We conducted an experiment on eastern fence lizards (Sceloporus undulatus) during August–September 1995 near Los Alamos, New Mexico, (1) to ascertain if lizards that were relocated short distances exhibited homing, (2) to investigate a possible barrier to movement, and (3) to determine the effect of translocating individuals from a transplant area on lizards in a recipient area. We relocated 15 of an estimated population of 39 (95% CI 36–45) lizards an average distance of 46 m. Fourteen of 15 translocated lizards returned to within 6.81 (sx̄ = 1.43) m of the original capture location. Movement distances did not vary (F = 0.76; 1,53 df; P = 0.381) between resident and translocated lizards during the pretreatment period and did not vary for resident (F = 2.86; 1,12 df; P = 0.1166), but varied between pretreatment and posttreatment periods for translocated (F = 14.65, 1,7 df, P 0.0065) lizards. Translocated lizards did not affect the resighting probability of resident lizards (F = 0.96; 1,14 df; P = 0.34), but this may be related to low power (1 − β = 0.15) and translocated lizards moving out of the area quickly.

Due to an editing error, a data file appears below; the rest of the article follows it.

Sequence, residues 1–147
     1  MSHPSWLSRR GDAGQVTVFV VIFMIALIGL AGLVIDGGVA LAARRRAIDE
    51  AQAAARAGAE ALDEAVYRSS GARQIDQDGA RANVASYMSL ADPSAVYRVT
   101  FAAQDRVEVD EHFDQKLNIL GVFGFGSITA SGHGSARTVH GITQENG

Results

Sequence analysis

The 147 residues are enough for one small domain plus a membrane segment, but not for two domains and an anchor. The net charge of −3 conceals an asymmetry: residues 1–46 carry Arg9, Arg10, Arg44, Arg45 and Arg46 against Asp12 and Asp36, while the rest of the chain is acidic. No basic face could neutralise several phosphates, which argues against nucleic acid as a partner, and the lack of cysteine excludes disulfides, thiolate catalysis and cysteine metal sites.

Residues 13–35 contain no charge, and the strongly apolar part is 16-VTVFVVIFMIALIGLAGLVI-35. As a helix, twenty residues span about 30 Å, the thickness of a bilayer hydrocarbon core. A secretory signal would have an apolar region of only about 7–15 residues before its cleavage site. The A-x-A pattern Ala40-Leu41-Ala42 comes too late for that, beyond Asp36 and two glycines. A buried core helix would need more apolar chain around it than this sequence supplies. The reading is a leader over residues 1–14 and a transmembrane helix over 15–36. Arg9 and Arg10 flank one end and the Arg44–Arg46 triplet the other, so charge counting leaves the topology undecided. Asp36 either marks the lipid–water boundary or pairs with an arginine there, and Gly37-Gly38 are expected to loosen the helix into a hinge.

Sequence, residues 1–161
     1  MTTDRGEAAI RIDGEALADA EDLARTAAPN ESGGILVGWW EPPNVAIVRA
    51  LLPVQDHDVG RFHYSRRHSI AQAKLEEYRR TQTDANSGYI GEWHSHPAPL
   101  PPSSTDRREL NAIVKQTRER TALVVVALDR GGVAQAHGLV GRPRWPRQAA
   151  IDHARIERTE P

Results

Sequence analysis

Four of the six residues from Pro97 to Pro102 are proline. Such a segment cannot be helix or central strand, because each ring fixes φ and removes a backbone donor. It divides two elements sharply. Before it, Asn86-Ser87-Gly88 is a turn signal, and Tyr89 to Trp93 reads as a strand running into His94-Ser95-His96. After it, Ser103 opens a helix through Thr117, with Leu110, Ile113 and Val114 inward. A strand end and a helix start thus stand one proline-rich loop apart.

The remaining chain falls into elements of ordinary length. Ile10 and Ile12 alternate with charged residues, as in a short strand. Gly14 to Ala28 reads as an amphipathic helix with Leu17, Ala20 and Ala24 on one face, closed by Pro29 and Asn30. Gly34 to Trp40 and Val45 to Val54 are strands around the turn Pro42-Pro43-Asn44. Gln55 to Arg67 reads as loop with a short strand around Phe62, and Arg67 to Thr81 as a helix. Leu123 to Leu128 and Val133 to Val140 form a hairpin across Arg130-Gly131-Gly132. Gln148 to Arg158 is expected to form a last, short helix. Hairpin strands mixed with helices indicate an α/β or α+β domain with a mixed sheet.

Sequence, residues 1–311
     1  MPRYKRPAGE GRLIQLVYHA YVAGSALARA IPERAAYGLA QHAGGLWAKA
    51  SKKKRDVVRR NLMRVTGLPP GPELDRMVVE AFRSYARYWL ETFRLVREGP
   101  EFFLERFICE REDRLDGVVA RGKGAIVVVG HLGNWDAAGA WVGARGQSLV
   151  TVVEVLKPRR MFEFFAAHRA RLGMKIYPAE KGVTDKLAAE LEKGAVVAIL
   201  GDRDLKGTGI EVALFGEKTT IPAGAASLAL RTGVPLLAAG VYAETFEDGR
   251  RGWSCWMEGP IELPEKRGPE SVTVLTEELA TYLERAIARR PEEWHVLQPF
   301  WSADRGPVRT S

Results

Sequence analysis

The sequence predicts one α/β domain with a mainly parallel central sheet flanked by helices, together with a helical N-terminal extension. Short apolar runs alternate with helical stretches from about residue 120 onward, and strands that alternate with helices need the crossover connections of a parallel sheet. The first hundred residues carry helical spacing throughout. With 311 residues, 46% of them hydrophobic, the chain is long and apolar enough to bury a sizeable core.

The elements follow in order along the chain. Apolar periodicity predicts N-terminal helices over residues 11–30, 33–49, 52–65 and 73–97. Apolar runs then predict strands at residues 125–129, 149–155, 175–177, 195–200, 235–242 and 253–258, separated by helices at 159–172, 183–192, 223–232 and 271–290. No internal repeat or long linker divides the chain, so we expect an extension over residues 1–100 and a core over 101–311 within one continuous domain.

Hein, Eric W. and Whitaker, Shayna J.
"Homing in eastern fence lizards (Sceloporus undulatus) following short-distance translocation,"
Great Basin Naturalist: Vol. 57
, Article 6.
Available at: http://scholarsarchive.byu.edu/gbn/vol57/iss4/6